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Strength in numbers

Almost every van manufacturer will have benefitted from the UK’s rising LCV market in 2014, though Volkswagen Commercial Vehicles’ registrations were particularly strong. The company sold more than 41,200 vans to the end of November, passing its whole year 2013 total of 40,857 a month early.

In that 11-month period, Volkswagen Commercial Vehicles grabbed a 13.4% market share, putting it second behind Ford. That’s an impressive achievement, but even more so when you realise that Transporter, Caddy and Amarok will all be replaced or upgraded in 2015, with an all-new Crafter making an appearance late in 2016. These are hardly run-out figures.

Fleet sales account for around 80% of Volkswagen’s van output, though the firm considers almost any business sale to be fleet.

‘A one man trader is just as important as someone buying 1,000 vans,’ said head of fleet Chris Black (pictured).

‘In every one of our 72 Van Centres we’ve got someone who is dedicated to fleet. Some centres have more opportunity, so they might have two or more, but every one has at least one.

‘We also have a team of five fleet managers who work with the Van Centres and customers, plus two key account managers to look after the 1,000 vehicle plus market.’

Managing resources

Despite this strong presence in the market, he admits that further growth will require additional resource, if standards are to be maintained and lifted further.

‘It’s where I would like it to be today, but we’ve got plans, we want to grow and we are ambitious, which will need more people,’ says Mr Black.

‘We need to look at how the customer wants to be served. How do we help people to find the right vehicle for the right job?’

Having experts that really understand the LCV market is particularly critical as the vehicles get larger. For some time now Volkswagen has been working to boost Crafter sales and its biggest van remains the firm’s biggest opportunity. That said, by the end of 2014, Crafter sales were up an impressive 41.9% on the previous year.

This is in part due to the growing number of bodies available through the firm’s Engineered To Go programme, with a Luton the most recent conversion addition.

‘Engineered To Go is definitely a growth area for us,’ says Mr Black. ‘The vast majority of Crafters will have a reasonable amount of conversion work.’

The next Crafter will break with the Mercedes Sprinter, with which it has shared a chassis and production line, as Volkswagen moves its biggest van to a new site in Poland.

‘It will become immediately apparent to customers how different the new Crafter will be,’ says Mr Black. ‘We will have a much larger client base for new Crafter than before.’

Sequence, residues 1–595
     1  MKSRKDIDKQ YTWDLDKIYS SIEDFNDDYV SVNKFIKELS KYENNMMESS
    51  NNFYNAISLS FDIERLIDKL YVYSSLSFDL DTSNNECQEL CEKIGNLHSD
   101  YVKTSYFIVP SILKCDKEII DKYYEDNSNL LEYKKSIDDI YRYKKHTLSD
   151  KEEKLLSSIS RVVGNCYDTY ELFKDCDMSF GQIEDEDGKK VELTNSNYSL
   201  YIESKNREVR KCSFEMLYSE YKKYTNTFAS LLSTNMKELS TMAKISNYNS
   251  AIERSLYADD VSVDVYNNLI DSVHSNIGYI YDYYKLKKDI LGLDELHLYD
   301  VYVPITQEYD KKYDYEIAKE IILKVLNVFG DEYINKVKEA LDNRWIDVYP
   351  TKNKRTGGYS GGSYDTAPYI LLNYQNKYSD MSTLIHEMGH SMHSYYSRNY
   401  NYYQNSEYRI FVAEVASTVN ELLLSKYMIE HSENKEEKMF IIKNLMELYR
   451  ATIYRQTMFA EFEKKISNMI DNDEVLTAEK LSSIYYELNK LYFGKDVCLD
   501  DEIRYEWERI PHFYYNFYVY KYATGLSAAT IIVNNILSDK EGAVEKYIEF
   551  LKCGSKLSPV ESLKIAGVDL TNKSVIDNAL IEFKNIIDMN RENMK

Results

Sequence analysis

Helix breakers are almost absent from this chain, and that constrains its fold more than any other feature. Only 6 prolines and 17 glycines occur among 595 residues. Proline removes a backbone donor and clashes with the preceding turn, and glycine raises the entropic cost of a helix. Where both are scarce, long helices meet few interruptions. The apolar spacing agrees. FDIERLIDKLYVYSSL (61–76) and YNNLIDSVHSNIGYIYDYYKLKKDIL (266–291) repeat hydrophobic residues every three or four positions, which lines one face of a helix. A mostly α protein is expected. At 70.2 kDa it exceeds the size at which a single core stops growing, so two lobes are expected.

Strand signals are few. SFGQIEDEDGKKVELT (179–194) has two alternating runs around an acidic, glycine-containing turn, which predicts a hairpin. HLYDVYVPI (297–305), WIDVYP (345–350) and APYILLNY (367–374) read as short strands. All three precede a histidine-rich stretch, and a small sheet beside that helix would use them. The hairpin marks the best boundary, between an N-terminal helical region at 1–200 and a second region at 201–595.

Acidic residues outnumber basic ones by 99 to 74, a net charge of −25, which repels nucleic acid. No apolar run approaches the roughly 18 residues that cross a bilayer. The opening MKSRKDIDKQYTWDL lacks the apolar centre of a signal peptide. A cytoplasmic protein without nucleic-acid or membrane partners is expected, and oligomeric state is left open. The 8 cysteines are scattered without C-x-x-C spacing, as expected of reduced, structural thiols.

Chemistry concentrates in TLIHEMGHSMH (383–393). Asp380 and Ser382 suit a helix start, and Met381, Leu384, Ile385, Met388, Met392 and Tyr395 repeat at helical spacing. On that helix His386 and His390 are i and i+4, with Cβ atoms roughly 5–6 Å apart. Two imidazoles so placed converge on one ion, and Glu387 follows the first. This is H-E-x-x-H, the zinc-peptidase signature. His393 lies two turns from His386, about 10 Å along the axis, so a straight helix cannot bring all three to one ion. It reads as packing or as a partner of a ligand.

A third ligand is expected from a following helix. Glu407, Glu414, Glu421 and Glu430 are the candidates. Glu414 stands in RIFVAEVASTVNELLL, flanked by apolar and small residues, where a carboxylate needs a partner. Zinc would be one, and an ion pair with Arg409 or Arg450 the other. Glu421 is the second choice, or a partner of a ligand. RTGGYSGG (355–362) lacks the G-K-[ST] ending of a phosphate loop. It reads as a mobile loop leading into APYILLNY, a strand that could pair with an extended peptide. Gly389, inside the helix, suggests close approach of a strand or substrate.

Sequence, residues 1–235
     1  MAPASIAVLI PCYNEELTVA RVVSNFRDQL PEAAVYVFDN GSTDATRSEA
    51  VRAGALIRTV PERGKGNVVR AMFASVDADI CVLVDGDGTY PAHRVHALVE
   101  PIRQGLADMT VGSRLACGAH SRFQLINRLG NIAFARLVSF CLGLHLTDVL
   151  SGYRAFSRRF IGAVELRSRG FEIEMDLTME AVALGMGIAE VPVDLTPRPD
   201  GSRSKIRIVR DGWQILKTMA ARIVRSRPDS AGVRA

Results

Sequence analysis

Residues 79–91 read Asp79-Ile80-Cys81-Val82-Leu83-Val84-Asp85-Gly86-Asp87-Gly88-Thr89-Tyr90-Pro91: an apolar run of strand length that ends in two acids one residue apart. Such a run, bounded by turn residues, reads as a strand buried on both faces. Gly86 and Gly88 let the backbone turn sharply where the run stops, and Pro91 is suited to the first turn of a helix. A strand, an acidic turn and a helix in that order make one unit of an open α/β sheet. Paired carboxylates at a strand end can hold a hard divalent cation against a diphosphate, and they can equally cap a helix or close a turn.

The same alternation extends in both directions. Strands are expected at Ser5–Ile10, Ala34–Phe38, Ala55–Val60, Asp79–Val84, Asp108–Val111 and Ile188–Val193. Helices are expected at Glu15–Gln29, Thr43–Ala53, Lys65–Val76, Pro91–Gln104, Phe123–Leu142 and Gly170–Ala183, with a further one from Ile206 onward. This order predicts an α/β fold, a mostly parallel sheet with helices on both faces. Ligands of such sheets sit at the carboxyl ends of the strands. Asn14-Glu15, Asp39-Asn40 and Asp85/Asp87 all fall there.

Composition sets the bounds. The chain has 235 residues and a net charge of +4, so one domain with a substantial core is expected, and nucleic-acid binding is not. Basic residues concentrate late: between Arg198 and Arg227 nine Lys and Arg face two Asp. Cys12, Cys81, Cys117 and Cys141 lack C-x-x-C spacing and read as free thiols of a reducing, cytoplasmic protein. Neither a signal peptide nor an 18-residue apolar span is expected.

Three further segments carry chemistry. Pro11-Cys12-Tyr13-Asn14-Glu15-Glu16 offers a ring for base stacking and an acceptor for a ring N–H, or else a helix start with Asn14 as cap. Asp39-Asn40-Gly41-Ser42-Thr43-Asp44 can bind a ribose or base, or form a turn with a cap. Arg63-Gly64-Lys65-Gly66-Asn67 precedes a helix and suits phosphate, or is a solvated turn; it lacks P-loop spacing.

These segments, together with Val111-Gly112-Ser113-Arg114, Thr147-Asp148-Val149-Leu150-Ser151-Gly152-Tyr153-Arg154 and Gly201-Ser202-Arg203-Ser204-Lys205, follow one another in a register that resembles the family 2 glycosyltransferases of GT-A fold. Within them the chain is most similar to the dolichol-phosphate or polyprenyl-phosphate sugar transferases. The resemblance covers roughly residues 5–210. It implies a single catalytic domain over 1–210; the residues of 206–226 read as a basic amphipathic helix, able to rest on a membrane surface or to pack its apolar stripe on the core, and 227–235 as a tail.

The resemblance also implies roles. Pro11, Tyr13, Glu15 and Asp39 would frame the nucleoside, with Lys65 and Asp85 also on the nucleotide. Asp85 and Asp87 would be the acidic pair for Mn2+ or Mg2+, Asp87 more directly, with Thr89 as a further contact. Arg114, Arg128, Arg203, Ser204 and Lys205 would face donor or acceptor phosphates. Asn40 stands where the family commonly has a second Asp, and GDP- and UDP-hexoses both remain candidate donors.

Sixth-generation Transporter

Of course the big news this year is the imminent arrival of the sixth generation Transporter, plus to a lesser extent a new Caddy. Despite T5 coming to the end of its product cycle, the firm’s Hanover plant remains at capacity building the van, such is its popularity both in the UK and on the Continent.

‘It’s the value of the product, we’ve engineered a quality vehicle,’ says Mr Black. ‘Then there is TCO, service and support, the overall proposition has a different value. The demand for T5 is still really strong.’

This is in part due to Volkswagen’s enviable residual values, something that he is keen to maintain going forwards.

‘We are never complacent about RVs as we know it is one of the main strengths of what we do. We could put a lot into rental, but we don’t want to do that as our residuals would be challenged.’

While demand for T5 remains strong, it completely outstrips supply for the firm’s Amarok pick-up, which saw a 19.2% rise in deliveries in 2014. The problem for Volkswagen Commercial Vehicles is getting enough of the trucks from the production sites in Germany and Argentina.

‘We could comfortably sell a lot more Amaroks,’ says Mr Black.

Looking forward, Volkswagen Commercial Vehicles is expecting another strong UK market in 2015, though in an election year there are understandably a number of things that could have a big effect on van sales.

‘Our view is that it will be relatively stable, similar to where we are today,’ says Mr Black.

‘We will however have a balancing act to fulfil demand. We want to be someone that a customer can rely on and use. Let’s make sure that the vehicle is the right tool for the job.’

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Written by Dan Gilkes

Dan has been a commercial vehicle and construction equipment journalist for almost 30 years. An automotive engineer and former fleet manager, he has driven almost every van, pickup and truck that has been launched in Europe over that time. As editor of VFW, his aim is to keep readers up to date with the latest developments in the light commercial world.

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